Alaska Fisheries Report
KMXT.org – April 2, 2015
Coming up this week, what does a warming climate mean for our salmon streams, will tracking seafood from source to plate cut down on illegal fishing, and only one license for you, Dude, coming up on the Alaska Fisheries Report. We had help from KDLL’s Jenny Neyman in Kenai, KYUK’s Ben Matheson in Bethel and KTOO’s Lisa Phu in Juneau.
Alaska groups seek cut in salmon caught by pollock industry
Associated Press by RACHEL D’ORO – April 2, 2015
Tribal organizations and fishing groups in Alaska are urging federal fishery managers to drastically reduce the number of king salmon allowed to be inadvertently caught by commercial pollock trawlers each year.
Western Alaska Users Call on Council to Adopt 60% Reduction in Chinook Salmon By-catch at April Mtg
SEAFOODNEWS.COM [SeafoodNews.com] – April 2, 2015
Five major groups from Western Alaska – the Association of Village Council Presidents, Bering Sea Fishermen’s Association, Kawerak, Incorporated, Tanana Chiefs Conference and the Yukon River Drainage Fisheries Association – sent a letter to the North Pacific Fishery Management Council this week calling on them to reduce bycatch in the Bering Sea pollock fisheries. The Council is slated meet in Anchorage next week, and the coalition outlined steps the Council should take to achieve the greatest possible levels of bycatch reduction, including reducing the current cap and performance standard by 60 percent in times of low abundance.
The groups say “Every single Chinook salmon is critical to the future and the rebuilding of these historic runs and is essential to the long-term cultural, nutritional and economic well-being of Western Alaska communities. Reductions in salmon bycatch are needed not only a matter of conservation, but also a matter of equity and basic human rights to food security.”
Chinook salmon runs are in a crisis state throughout Western Alaska. In 2014, even subsistence harvests were closed on the Yukon River, and almost entirely closed on the Kuskokwim River.
Commercial fisheries have been closed for years.
While in-river users are not allowed to harvest Chinook salmon as a critical source of food, economies and cultures, the pollock fishery is legally permitted to kill up to 60,000 Chinook salmon in any two out of seven years without consequence. To rebuild Chinook salmon stocks, all sources of mortality must be reduced, and it is long past time to put a lower limit on Chinook salmon bycatch when runs are this depressed.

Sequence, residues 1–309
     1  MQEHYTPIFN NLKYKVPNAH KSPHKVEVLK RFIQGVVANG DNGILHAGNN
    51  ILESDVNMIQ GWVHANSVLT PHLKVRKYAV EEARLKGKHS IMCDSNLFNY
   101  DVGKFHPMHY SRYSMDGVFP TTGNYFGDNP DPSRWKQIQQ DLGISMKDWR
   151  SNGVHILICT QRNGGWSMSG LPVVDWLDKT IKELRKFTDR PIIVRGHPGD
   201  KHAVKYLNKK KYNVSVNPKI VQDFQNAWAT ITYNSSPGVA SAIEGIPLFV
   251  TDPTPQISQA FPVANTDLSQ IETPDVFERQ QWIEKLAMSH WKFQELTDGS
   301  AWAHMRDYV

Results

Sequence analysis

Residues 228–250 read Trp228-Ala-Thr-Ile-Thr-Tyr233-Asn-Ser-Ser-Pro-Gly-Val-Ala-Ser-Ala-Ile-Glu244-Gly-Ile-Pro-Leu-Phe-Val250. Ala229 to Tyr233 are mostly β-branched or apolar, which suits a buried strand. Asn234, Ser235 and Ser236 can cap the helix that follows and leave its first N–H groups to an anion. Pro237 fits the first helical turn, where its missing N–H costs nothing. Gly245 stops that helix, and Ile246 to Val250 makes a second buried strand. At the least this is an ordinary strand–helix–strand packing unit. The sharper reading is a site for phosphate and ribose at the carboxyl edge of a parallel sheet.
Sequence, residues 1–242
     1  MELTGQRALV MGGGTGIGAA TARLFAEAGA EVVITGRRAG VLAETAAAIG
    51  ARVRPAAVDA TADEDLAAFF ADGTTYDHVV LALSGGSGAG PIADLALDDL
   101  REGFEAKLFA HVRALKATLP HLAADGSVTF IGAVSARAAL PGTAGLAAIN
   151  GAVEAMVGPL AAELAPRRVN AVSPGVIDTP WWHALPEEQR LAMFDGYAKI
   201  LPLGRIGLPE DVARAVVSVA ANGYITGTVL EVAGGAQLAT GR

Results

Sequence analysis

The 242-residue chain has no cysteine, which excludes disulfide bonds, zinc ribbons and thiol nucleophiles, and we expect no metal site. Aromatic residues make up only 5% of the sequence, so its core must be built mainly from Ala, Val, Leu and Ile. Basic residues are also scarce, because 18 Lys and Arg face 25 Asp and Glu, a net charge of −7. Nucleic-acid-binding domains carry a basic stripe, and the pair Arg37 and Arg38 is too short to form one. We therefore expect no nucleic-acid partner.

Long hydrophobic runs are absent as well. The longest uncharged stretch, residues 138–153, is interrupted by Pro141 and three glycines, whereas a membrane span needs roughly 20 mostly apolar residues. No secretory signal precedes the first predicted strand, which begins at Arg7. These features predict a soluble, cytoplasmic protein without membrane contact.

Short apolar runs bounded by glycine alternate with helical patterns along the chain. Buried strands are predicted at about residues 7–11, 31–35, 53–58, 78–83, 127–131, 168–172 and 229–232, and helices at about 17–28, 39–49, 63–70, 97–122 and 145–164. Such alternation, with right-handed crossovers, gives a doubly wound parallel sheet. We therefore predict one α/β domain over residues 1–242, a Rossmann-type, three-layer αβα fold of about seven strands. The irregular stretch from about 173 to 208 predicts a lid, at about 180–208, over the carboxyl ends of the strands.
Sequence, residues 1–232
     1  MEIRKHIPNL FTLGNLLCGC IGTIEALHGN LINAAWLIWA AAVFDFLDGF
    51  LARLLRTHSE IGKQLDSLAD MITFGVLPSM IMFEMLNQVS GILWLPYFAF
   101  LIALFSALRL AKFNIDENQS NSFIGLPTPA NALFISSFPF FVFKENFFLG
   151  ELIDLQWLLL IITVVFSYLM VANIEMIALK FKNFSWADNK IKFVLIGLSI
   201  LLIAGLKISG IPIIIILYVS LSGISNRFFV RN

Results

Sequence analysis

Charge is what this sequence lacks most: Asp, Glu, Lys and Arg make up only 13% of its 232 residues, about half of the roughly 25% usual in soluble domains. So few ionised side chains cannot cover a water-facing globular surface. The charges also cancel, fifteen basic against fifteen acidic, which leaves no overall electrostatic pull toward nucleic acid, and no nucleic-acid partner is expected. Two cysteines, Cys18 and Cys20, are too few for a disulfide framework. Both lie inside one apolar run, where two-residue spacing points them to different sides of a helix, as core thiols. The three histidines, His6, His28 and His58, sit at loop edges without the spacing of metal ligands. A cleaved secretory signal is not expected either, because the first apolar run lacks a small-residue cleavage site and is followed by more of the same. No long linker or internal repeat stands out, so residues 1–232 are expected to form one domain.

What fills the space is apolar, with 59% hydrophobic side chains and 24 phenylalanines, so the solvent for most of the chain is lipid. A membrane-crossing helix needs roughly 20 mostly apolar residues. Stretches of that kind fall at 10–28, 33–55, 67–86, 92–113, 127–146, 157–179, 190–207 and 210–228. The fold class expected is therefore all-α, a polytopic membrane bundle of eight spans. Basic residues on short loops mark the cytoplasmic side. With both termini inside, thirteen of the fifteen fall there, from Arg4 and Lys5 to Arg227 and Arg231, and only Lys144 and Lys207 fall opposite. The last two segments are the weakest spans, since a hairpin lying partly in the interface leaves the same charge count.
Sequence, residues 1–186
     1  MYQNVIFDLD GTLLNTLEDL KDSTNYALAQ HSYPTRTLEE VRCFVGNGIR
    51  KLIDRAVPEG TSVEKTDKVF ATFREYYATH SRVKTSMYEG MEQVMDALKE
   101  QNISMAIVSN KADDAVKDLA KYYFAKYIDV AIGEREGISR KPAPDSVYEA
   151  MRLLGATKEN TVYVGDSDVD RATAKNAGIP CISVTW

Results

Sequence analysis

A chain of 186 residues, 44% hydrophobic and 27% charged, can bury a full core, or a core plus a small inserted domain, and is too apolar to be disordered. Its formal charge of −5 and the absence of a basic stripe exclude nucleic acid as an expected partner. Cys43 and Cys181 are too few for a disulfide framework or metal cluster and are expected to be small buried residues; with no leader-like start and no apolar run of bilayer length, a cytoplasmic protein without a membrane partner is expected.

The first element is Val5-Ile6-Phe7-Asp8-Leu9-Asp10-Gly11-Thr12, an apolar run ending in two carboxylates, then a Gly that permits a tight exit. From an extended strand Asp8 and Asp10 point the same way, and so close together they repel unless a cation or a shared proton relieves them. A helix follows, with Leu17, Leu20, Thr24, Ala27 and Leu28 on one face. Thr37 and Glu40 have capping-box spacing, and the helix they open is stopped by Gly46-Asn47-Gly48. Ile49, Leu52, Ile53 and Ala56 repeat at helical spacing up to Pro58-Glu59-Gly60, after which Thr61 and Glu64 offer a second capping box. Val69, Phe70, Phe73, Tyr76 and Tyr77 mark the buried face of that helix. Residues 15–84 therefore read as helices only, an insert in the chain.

Council ready for final action on Bering Sea bycatch package
Alaska Journal of Commerce by DJ Summers – April 1, 2015
The North Pacific Fishery Management Council will hold its second meeting of 2015 from April 8-14 at the Anchorage Hilton.The council’s biggest agenda item will be final action on measures to reduce chinook and chum salmon bycatch in the Bering Sea pollock fishery. The alternatives, introduced for public review in December 2014, include both voluntary and regulatory controls to shorten seasons, provide incentives, and reduce bycatch caps.
Are orcas making a comeback in the Pacific Northwest?
The Christian Science Monitor by Alexander LaCasse – April 2, 2015
The endangered orca whales of the Pacific Northwest could be experiencing a baby boom.
Spotted near British Columbia’s Active Pass by researcher Jeanne Hyde and boat captain Spencer Domico of the Pacific Whale Watch Association, the calf, dubbed J52, is the fourth orca calf to be seen in the region in three months.
Special Publication: Harvest Projections for 2015 Alaska Salmon Fisheries and Review of the 2014 Season
Alaska Department of Fish & Game by Andrew R. Munro – March 2015
Fish Oil Claims Not Supported by Research
New York Times by Anahad O’Connor – March 30, 2015
Fish oil is now the third most widely used dietary supplement in the United States, after vitamins and minerals, according to a recent report from the National Institutes of Health. At least 10 percent of Americans take fish oil regularly, most believing that the omega-3 fatty acids in the supplements will protect their cardiovascular health.
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